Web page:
Note to our followers: Our nearly 13-year run of daily publication of new content on HealthNewsReview.org came to a close at the end of 2018. Publisher Gary Schwitzer and other contributors may post new articles periodically. But all of the 6,000+ articles we have published contain lessons to help you improve your critical thinking about health care interventions. And those will be still be alive on the site for a couple of years.

HealthNewsReview.org’s 9th anniversary – that almost didn’t happen

PrintToday is the 9th anniversary of HealthNewsReview.org. And, although we didn’t plan it this way, today is the day we introduce our new look, our new design, with some new features.

Last year, on our 8th anniversary, I thought the project was dead.

But now, with new funding from the Laura and John Arnold Foundation, and with a new institutional home in the University of Minnesota School of Public Health, we’ve been able to rebuild our team of contributors and also rebuild and redesign our website. And, besides our bread-and-butter journalism reviews, we have started reviewing health care news releases – from government agencies, medical journals, medical centers, drug and device manufacturers and others.

Rather than count candles, I’ll count stories and other stats.

We have reviewed nearly 2,000 stories – 1,976 to be exact. And, as of today, we’ve now published one health care-related news release as well.  Many more of those to come.

Here’s a breakdown of how many stories got top-rated 5-star scores or any other level of grade. The star score is automatically generated based on how many of our 10 criteria were judged by our reviewers to be addressed satisfactorily in the story.

Grade

# stories

% of total

5-star

286

14%

4-star

495

25%

3-star

545

28%

2-star

439

22%

1-star

142

7%

0-star

69

4%

 

Other stats:

  • Average score for all 1,976 stories:  3.07 stars
    • Associated Press – 255 stories – 3.6 stars
    • CNN.com – 43 stories – 2.98 stars
    • HealthDay – 206 stories – 2.93 stars (I want to point out that HealthDay was highlighted twice last week for reporting the limitations of observational studies better than many competitors.) 
    • Los Angeles Times – 148 stories – 3.49 stars
    • New York Times – 140 stories – 3.49 stars
    • NPR.org – 50 stories – 3.54 stars
    • Reuters Health – 143 stories – 3.24 stars
    • TIME.com – 34 stories – 2.79 stars
    • US News & World Report – 32 stories – 2.97 stars
    • USA Today – 63 stories – 3.46 stars
    • Wall Street Journal – 117 stories – 3.39 stars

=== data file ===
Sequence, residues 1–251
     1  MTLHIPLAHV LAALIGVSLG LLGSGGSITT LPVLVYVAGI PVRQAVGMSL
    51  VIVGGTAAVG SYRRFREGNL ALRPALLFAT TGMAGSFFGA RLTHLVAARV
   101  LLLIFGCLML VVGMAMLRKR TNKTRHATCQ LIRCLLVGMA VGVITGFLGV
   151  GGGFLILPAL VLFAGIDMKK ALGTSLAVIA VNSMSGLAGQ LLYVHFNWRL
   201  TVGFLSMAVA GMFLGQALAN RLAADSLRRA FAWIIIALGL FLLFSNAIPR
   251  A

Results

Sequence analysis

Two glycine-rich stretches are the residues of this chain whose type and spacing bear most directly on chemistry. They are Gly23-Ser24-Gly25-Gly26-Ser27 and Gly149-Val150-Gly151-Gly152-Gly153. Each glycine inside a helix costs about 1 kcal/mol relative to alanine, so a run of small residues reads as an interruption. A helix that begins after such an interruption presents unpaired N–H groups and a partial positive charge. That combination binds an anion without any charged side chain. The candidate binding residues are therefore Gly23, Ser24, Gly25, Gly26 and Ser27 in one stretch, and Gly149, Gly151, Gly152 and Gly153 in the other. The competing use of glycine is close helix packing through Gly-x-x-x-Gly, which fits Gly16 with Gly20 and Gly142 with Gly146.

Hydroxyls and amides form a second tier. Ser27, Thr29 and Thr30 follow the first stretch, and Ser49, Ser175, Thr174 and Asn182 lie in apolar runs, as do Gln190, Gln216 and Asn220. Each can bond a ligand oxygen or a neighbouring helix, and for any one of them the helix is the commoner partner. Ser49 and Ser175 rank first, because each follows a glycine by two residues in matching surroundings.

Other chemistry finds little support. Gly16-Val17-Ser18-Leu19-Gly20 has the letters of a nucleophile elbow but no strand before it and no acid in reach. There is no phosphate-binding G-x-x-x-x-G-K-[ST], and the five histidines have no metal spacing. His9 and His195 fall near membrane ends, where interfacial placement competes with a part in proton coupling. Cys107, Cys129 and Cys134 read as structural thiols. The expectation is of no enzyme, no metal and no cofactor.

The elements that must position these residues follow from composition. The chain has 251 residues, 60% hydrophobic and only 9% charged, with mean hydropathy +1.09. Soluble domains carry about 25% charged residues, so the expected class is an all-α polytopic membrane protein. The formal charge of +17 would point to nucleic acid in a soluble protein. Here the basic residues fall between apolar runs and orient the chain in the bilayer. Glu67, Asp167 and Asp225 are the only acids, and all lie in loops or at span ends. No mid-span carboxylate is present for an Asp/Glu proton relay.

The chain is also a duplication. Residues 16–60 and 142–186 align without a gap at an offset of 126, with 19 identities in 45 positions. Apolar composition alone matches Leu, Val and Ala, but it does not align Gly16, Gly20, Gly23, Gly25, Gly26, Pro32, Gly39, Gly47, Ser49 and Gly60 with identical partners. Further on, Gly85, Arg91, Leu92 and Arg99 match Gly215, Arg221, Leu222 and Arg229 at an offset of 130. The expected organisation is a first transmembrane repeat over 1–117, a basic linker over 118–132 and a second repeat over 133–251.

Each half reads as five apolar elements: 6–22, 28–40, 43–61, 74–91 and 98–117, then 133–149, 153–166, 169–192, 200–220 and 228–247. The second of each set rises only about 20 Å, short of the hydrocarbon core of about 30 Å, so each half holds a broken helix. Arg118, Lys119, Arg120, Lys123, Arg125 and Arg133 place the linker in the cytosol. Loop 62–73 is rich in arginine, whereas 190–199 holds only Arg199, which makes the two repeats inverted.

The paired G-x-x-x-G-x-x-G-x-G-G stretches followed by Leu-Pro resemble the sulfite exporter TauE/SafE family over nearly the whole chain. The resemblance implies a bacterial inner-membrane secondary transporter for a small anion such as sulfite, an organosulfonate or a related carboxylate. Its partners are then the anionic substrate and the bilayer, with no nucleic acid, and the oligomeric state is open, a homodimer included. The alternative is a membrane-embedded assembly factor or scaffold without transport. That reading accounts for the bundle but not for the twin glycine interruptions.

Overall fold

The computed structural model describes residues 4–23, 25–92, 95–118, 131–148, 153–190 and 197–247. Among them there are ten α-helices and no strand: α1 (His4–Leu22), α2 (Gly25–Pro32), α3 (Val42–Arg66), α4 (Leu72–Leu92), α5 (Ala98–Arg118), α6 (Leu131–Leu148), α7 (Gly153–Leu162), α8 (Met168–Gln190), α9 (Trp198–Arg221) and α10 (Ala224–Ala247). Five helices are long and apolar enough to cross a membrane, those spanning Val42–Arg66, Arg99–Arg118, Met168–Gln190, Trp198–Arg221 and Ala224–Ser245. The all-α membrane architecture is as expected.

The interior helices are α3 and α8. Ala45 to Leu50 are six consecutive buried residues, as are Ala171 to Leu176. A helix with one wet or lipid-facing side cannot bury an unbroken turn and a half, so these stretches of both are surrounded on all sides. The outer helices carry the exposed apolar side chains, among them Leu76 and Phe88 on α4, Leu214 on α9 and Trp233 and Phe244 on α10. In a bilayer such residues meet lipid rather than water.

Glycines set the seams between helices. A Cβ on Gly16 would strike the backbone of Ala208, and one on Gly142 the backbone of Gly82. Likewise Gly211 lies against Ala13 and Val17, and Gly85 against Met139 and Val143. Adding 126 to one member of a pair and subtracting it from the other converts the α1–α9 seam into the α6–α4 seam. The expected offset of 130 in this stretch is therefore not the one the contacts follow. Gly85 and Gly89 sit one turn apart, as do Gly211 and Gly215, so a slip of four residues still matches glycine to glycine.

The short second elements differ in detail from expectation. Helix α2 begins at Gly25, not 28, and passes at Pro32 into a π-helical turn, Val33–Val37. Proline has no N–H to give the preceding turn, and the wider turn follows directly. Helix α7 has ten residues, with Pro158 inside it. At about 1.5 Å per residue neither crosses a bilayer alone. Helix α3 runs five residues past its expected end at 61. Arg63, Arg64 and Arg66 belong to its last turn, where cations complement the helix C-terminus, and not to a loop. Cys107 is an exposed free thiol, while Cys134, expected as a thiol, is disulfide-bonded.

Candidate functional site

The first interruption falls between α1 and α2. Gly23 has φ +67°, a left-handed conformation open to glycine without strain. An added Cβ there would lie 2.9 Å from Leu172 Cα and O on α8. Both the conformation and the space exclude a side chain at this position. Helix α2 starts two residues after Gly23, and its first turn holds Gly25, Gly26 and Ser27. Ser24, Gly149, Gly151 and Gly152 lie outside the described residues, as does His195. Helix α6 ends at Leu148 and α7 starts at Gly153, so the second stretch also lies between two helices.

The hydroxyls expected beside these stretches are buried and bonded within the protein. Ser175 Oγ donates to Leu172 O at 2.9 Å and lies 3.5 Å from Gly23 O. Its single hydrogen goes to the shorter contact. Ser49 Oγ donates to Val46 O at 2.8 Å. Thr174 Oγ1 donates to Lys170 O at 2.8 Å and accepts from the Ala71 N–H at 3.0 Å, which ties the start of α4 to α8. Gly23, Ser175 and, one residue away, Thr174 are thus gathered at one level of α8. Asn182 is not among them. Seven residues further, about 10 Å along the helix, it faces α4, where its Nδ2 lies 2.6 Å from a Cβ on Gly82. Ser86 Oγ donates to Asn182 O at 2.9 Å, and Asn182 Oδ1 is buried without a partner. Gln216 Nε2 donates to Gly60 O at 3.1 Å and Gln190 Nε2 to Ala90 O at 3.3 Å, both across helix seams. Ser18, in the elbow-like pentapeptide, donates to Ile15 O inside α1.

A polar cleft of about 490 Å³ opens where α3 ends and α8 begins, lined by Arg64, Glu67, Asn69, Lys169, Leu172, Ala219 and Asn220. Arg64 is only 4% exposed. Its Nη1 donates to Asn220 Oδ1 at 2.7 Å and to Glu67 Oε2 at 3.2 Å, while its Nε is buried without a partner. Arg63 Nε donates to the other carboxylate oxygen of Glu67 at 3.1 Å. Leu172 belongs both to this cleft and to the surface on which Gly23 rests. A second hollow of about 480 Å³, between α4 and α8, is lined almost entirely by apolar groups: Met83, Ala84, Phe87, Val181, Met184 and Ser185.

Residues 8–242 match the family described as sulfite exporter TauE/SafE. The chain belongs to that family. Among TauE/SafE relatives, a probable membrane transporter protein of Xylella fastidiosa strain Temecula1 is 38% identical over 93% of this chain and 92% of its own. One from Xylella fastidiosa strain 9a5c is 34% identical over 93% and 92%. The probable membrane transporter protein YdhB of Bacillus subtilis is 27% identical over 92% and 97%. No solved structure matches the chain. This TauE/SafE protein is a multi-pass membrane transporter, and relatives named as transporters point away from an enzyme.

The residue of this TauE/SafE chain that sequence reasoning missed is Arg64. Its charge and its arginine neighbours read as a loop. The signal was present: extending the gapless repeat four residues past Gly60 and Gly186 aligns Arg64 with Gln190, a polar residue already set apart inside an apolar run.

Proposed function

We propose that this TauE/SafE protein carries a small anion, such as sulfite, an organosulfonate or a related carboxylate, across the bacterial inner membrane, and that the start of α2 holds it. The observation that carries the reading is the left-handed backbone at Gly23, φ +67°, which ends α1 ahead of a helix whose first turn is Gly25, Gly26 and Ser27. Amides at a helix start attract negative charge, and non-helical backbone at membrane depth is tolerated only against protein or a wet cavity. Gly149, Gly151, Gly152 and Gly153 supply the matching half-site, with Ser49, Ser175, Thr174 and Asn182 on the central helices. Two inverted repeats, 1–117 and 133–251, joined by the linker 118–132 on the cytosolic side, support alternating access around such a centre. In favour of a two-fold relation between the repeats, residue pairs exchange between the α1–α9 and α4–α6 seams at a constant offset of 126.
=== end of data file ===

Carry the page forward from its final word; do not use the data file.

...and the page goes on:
• Washington Post – 51 stories – 3.24 stars

I emphasize that as deep as our database is – and no one in the U.S. that I’m aware of has systematically tracked more stories than we have with such rigor for so long – this is still a relatively small sample from any one news organization.  We talk more about this in our “How We Rate Stories & News Releases” section.

And here’s the breakdown of how many of the 1,976 stories we’ve reviewed were judged satisfactory on each of the 10 criteria:

Criteria

Satisfactory

Unsatisfactory

N/A

Total

Percent

(Total – N/A)

Does the story adequately discuss the costs of the intervention?

509

1155

312

1976

31 %

Does the story adequately quantify the benefits of the treatment/test/product/procedure?

666

1282

28

1976

34 %

Does the story adequately explain/quantify the harms of the intervention?

671

1224

81

1976

35 %

Does the story seem to grasp the quality of the evidence?

764

1207

5

1976

39 %

Does the story commit disease-mongering?

1484

416

76

1976

78 %

Does the story use independent sources and identify conflicts of interest?

1083

888

5

1976

55 %

Does the story compare the new approach with existing alternatives?

840

1077

59

1976

44 %

Does the story establish the availability of the treatment/test/product/procedure?

1309

473

194

1976

73 %

Does the story establish the true novelty of the approach?

1455

419

102

1976

78 %

Does the story appear to rely solely or largely on a news release?*

1441

124

411

1976

92 %

* Note:  the news release criterion grades are skewed in favor of satisfactory scores because in order for our reviewers to judge a story as unsatisfactory, they must have a copy of a news release in hand.  And that’s not always possible.  Thus, the large number of N/A scores. 

 With unsatisfactory grades as an average for five criteria – the ones that are arguably the most important – you can see that there’s a lot of work left to do, many more people to be reached and trained to do a better job.

I’ve already done one newsroom training workshop so far this year.  Next week, I’ll do another at the annual conference of the Association of Health Care Journalists, in Santa Clara, California. But I plan to do several more in 2015, so if you know of an interested newsroom – or an institution that writes a lot of health care news releases – let me know.

And thanks to so many of you who’ve stayed with us for 9 years.  Stick around for our teen years!

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Comments (3)

Please note, comments are no longer published through this website. All previously made comments are still archived and available for viewing through select posts.

Tabitha M. Powledge

April 16, 2015 at 4:16 pm

So glad you can continue your good work; medical journalism needs you more than ever. The site redesign is quite handsome too. But as I don’t need to tell you, the content is what counts.

David Finer

April 17, 2015 at 12:33 am

Congratulations!

Annette Bar-Cohen

April 20, 2015 at 5:57 pm

Congratulations! You have contributed mightily to the evidence based health reporting in this country. Gary, we at NBCC applaud you and the HNR reviewers!